The crime-infested intersection of West Fayette and Monroe Streets is well-known--and cautiously avoided--by most of Baltimore. But this notorious corner's 24-hour open-air drug market provides the economic fuel for a dying neighborhood. David Simon, an award-winning author and crime reporter, and Edward Burns, a 20-year veteran of the urban drug war, tell the chilling story of this desolate crossroad.Through the eyes of one broken family--two drug-addicted adults and their smart, vulnerable 15-year-old son, DeAndre McCollough, Simon and Burns examine the sinister realities of inner cities across the country and unflinchingly assess why law enforcement policies, moral crusades, and the welfare system have accomplished so little. This extraordinary book is a crucial look at the price of the drug culture and the poignant scenes of hope, caring, and love that astonishingly rise in the midst of a place America has abandoned.
This absorbing and original examination brilliantly argues that religion is a product of the society from which it springs--that it is the "sacred canopy" which every human society builds over its world to give it meaning.In this book, Berger expands on theories of knowledge that he first explored (with Thomas Luckmann) in The Social Construction of Reality. With illustrations drawn from a variety of primitive, ancient, and contemporary religions.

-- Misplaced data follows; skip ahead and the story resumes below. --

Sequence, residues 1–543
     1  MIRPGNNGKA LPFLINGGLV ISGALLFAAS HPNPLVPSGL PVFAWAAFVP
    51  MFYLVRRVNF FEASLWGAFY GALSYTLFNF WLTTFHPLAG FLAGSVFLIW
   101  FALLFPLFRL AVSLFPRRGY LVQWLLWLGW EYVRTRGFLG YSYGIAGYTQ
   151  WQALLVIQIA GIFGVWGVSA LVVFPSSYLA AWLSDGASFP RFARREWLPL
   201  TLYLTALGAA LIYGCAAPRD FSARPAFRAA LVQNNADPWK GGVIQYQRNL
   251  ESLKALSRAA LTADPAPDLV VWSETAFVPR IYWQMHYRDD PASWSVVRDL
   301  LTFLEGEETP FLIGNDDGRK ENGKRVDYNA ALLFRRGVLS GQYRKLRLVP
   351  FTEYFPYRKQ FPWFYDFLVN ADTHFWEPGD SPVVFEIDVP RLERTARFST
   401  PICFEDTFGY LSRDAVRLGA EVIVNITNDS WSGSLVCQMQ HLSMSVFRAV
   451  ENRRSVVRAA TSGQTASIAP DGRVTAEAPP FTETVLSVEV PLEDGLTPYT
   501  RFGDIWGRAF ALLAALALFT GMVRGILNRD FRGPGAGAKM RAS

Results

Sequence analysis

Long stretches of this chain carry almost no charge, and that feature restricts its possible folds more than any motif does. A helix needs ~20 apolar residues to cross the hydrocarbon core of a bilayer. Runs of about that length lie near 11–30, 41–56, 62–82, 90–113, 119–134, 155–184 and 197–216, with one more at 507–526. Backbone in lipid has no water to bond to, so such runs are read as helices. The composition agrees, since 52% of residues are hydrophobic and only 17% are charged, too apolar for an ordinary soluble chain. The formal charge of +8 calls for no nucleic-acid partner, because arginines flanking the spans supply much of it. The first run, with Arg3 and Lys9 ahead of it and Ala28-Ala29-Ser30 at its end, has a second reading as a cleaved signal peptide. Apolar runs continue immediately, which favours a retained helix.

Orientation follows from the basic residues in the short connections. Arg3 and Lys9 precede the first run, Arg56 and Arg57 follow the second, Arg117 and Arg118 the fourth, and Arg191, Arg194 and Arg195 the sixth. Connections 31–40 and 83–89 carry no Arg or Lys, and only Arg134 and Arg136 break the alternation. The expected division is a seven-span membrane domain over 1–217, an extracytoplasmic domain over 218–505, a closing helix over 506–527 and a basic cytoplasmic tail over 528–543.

David F. Wells's award-winning book No Place for Truth - called "a stinging indictment of evangelicalism's theological corruption" by TIME magazine - woke many evangelicals to the fact that their tradition has slowly but surely capitulated to the values and structures of modernity. In God in the Wasteland Wells continues his trenchant analysis of the cultural corruption now weakening the church's thought and witness with the intent of getting evangelicals to rethink their relationship to the "world."
Wells argues that the church is enfeebled in part because it has lost its sense of God's sovereignty and holiness. "The fundamental problem in the evangelical world today," says Wells, "is that God rests too inconsequentially upon the church. His truth is too distant, his grace is too ordinary, his judgment is too benign, his gospel is too easy, and his Christ is too common." God has become weightless to the extent that the church no longer allows him to shape its character, outlook, and practice.